The Senate version of the Act had retained the AMT, raising alarm from the renewables sector. Under the lower corporate tax rate, the number of corporations subject to the AMT would have sharply increased, and the value of the PTC for such corporations would have been severely curtailed. The Act therefore avoids this undesirable result by repealing the AMT.

The Base Erosion Anti-Abuse Tax

The BEAT is a new minimum tax intended to prevent "earnings stripping" by multinational corporations. The BEAT minimum tax amount is computed each year and is generally the excess of (a) a percentage (generally 10%) of the taxpayer’s "modified taxable income" (generally, income computed without regard to certain "base erosion" payments made to foreign subsidiaries), over (b) the taxpayer’s regular tax liability reduced by its tax credits, except for certain business tax credits, including up to 80% of the value of the PTC or the ITC. In effect, the Act allows the taxpayer to offset any tax owed under the BEAT by 80% of the value of the PTC and the ITC. The Act does not provide a carry-forward mechanism to allow unused tax credits to offset the BEAT in future taxable years.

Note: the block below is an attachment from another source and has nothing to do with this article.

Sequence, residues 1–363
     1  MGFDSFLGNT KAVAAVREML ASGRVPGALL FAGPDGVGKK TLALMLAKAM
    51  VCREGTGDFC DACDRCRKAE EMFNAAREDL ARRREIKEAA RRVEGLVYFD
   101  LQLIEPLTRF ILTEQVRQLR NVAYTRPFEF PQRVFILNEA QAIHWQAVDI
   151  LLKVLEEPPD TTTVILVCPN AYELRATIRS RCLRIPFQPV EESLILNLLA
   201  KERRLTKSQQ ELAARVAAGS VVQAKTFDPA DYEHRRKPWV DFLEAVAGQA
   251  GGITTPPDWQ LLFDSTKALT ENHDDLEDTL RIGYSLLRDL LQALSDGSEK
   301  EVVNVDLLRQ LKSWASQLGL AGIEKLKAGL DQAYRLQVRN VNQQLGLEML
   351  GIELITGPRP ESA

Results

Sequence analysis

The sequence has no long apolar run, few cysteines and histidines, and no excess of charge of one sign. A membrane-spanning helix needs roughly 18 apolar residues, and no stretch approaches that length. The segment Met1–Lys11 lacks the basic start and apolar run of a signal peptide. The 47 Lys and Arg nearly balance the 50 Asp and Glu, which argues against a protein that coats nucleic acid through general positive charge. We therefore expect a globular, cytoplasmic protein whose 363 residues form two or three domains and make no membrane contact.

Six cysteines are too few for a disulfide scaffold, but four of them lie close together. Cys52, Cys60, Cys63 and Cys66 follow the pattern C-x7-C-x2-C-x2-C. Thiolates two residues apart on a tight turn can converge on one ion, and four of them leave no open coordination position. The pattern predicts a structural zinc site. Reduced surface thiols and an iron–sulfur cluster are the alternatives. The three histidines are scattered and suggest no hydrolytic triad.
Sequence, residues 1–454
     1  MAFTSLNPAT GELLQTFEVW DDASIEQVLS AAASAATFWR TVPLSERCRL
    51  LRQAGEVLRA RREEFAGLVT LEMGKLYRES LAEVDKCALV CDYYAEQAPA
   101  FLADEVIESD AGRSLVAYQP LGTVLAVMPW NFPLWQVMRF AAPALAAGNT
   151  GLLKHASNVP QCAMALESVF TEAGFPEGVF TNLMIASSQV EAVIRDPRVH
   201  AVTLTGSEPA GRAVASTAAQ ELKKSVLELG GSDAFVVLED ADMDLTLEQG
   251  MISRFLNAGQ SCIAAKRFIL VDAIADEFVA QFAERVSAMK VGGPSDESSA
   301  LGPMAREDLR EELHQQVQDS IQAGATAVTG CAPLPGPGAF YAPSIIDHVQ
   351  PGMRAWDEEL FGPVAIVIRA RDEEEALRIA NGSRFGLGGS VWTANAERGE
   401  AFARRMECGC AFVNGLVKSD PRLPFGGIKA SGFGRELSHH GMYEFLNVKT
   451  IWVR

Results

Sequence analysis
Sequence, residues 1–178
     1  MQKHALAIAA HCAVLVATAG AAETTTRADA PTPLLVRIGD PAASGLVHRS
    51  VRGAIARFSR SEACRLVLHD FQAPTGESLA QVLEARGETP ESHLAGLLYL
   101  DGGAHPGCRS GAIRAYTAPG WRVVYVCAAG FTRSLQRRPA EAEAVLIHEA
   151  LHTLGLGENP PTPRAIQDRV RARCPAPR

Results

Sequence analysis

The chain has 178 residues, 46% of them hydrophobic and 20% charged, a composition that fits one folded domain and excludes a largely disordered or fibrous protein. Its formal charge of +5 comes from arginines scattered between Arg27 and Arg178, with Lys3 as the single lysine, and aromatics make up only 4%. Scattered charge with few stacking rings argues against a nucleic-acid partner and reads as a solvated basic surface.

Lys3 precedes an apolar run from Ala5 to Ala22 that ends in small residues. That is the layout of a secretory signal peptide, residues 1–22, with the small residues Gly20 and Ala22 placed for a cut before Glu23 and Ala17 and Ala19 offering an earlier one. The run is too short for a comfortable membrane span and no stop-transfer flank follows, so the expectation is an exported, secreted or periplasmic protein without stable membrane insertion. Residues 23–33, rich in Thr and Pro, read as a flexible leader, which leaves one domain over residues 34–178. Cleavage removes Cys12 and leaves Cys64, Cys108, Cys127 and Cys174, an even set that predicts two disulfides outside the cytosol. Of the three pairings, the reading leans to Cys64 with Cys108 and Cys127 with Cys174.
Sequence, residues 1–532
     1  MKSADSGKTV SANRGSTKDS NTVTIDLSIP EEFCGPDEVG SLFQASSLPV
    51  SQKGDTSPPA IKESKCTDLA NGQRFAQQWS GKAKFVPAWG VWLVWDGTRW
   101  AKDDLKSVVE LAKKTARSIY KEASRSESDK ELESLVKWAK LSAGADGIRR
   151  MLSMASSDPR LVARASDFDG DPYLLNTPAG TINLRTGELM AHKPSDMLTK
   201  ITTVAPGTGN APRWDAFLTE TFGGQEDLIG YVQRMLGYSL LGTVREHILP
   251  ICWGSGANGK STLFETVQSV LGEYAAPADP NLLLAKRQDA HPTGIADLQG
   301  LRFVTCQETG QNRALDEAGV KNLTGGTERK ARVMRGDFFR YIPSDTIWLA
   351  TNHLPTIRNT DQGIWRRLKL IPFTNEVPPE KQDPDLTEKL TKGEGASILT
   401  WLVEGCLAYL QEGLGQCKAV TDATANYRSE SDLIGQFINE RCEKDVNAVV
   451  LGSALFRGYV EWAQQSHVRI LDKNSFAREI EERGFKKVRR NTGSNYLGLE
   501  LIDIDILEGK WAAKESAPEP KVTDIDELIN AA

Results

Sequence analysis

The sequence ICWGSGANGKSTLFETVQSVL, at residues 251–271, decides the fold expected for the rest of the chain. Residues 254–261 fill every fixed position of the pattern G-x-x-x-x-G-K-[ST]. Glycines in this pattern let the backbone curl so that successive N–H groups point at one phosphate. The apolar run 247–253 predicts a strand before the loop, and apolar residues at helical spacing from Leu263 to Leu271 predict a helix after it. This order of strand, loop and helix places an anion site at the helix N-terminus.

Whether and to what extent a corporation will be subject to the BEAT will not be certain until the end of each taxable year because the determination turns on a complex set of factors unique to each taxpayer. Thus, the value of the PTC or ITC in any given year is also uncertain. Creating additional uncertainty, the BEAT provisions relating to renewable credits expire after 2025. After 2025, the renewable credits provide no offset to the BEAT, which will vastly decrease the value of the credits for many investors in the tax equity market.

This result is in some respects more favorable to investors than the Senate bill’s original version of the BEAT, which did not include any adjustments for the PTC or ITC. But the final version may still negatively impact the tax equity market by reducing and eventually eliminating the value of the PTC and ITC for certain investors. Moreover, as compared to the Senate version, the final version of the Act expands the number of taxpayers that may be subject to the BEAT. How much the BEAT will affect corporate investors and the tax equity market overall is difficult to predict.

Prepaid Power Purchase Agreements

Under current law, prepaid power purchase agreements are often used in renewable projects (notably, in rooftop solar projects). This is because, in part, they permitted the electricity provider to include the advance payments in income over the entire period in which the electricity will be delivered. However, the Act will require these prepayments to be reported immediately as income (or, at best, partly in the year of the prepayment and partly in the following year, depending on the circumstances).